You can’t help passing through the mining town of Oruro if you travel up from Cochabamba on the way to La Paz, Bolivia, by rail.
My train trek up from the comfortably temperate palm-lined avenues and parks of Cochabamba took only about five hours, but Oruro seemed almost another planet away.
Located up on the cold, windy southern altiplano, the high plain of the Andean mountain ranges of South America, it sits at over 3,700 metres.
They obviously never get as deep a freeze as we have had here in the Yukon lately but still it is enough to chill you to the bone.
Somehow the nearly 200,000 mainly indigenous Quechua residents manage to hang on there. Mining jobs in this poor country hold them close to the barren, mineral rich mountains surrounding the city.
First, it was silver that saw the Spanish conquistadors of the mid-16th century force quotas of native labourers from their villages in the region.
They had to abandon their flocks and fields for picks and shovels.
Never as famous as the spectacular silver lode of Cerro Rico near Potosi, seven hours further south from Oruro by train, mining has been going on there just as long.
The one local mine, the Mina San José, claims to have been in operation for more than 450 years.
Wealth measured in literally billions of today’s dollars from these highland mines flowed back to Spain to fund conspicuous consumption and continental wars for the aristocracy.
Arguably the foundation of Europe’s industrial revolution came from wealth extracted, in no small measure, from here.
One key to the Spanish success in extracting so much silver from their Andean mines came from a discovery made hundreds of kilometres to the north.
The Santa Bárbara mercury mine began operating in 1563 near Huancavelica, Peru. Mercury provided the essential component for the ‘patio process’ of extracting the silver from its native ore.
Mining this toxic element became a virtual death sentence for the dragooned native miners toiling there.
Local legends have it that mothers would break their son’s bones rather than see them being sent to the mercury mines at Huancavelica.
In his book The Last Inca Revolt 1780-1783, L. E. Fisher estimates that more than eight million native lost their lives in mining the riches of the Americas over the 300 years of Spanish colonial occupation.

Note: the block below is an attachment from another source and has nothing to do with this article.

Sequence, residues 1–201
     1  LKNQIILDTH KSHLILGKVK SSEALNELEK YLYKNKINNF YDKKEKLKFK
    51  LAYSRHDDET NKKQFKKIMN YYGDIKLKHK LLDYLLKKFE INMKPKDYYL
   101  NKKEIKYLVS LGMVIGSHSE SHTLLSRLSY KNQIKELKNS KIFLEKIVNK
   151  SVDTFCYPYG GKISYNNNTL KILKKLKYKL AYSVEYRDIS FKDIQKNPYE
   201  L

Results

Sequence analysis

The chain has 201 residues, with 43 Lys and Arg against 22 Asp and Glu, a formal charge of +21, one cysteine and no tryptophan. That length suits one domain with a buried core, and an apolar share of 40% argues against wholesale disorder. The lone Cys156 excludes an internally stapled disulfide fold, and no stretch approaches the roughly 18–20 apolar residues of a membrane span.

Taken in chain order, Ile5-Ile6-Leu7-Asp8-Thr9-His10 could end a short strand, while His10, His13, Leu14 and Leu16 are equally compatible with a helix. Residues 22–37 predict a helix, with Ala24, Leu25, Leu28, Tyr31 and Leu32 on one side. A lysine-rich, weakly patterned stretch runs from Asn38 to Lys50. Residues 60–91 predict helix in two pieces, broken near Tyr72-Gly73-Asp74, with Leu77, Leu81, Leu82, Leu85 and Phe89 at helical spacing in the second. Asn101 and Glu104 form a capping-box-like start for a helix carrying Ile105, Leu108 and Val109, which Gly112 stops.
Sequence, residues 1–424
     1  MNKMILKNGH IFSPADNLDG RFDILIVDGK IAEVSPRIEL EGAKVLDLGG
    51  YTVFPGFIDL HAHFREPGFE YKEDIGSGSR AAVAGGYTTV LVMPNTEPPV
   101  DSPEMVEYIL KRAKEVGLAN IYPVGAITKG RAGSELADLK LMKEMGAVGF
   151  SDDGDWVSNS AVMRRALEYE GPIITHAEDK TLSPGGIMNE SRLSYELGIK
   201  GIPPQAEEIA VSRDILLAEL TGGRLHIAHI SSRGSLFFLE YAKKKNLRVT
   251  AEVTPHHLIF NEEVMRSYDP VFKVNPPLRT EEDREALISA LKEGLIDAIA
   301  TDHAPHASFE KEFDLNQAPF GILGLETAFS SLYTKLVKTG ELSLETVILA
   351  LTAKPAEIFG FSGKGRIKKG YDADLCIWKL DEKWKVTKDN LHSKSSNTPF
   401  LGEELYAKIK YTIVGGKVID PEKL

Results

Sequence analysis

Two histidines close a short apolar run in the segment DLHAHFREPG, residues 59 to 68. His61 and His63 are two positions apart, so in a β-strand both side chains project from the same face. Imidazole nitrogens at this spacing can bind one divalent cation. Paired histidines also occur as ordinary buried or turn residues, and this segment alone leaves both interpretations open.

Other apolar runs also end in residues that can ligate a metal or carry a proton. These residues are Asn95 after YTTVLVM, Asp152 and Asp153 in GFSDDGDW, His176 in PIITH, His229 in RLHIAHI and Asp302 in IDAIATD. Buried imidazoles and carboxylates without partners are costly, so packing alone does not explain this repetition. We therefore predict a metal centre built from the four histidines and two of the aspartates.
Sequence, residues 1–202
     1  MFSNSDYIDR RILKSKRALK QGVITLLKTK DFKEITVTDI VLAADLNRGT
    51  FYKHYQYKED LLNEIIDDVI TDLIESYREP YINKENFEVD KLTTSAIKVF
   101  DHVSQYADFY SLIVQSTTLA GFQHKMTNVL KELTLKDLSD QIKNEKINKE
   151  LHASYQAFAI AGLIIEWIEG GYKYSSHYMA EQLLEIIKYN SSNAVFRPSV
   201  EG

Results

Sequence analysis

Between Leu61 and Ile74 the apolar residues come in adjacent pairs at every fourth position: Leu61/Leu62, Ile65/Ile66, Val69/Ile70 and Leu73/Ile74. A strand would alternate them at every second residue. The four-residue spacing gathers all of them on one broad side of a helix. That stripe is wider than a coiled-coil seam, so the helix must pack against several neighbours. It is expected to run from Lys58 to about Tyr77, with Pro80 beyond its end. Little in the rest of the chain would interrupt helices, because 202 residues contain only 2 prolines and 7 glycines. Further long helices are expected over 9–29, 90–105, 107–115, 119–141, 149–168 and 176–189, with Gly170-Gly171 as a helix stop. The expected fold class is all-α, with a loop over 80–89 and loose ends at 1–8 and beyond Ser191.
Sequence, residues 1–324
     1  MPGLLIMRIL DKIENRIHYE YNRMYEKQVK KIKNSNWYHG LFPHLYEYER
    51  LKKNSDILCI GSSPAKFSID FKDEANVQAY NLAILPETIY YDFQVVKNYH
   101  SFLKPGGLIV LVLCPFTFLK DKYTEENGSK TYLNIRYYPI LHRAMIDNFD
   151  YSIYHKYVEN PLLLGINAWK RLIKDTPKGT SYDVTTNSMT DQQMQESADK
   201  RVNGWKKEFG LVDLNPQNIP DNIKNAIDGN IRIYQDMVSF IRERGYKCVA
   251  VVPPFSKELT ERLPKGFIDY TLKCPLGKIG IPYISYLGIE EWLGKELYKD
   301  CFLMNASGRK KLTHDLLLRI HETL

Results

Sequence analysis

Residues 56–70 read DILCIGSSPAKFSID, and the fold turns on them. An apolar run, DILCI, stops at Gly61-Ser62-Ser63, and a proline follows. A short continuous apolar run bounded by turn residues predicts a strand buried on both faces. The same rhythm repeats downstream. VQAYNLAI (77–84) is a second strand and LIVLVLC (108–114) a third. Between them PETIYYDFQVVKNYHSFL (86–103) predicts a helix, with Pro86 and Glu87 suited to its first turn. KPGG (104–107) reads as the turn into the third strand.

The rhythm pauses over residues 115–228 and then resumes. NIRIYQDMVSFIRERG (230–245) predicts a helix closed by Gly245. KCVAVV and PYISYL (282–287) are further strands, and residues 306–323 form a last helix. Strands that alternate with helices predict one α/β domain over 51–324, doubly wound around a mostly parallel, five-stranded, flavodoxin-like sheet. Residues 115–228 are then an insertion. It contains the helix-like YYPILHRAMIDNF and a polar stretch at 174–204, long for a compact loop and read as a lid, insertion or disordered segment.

A price continues to be paid.
Tin replaced silver as the mainstay of Oruro’s mining economy. In addition copper, wolfram plus traditional silver and gold are exploited locally as well.
Still despite the mineral wealth Bolivia remains the poorest country in South America.
The per-capita gross domestic product, a measure of the economic strength of a country, sits at about eight per cent of ours.
Who has profited from their labour and land?
Groundwater contamination, remobilized mercury from abandoned mine tailings, a scarred landscape and a host of other social, economic and environmental issues are not only a legacy of mining in Bolivia.
Closer to home, we can see the physical scars left from our own mining history from the Klondike Gold Rush on.
What about today?
Awareness has certainly increased. Technological advances hold out the possibility of greatly lessening potential environmental damage from resource extraction.
Still there are problems.
Over the last week, I received e-mails on environmental and human rights issues concerning Canadian mining ventures in Guatemala, Colombia and Ecuador.
The Canadian Catholic Organization for Development and Peace has launched a national campaign urging our Minister of Foreign Affairs “to refuse Canadian government support to mining companies that do not respect international environmental and human rights standards.”
The organization is also calling on Ottawa to “develop legal mechanisms that ensure mining companies are held accountable for their actions in the Global South.”
For more information on the campaign visit www.devp.org .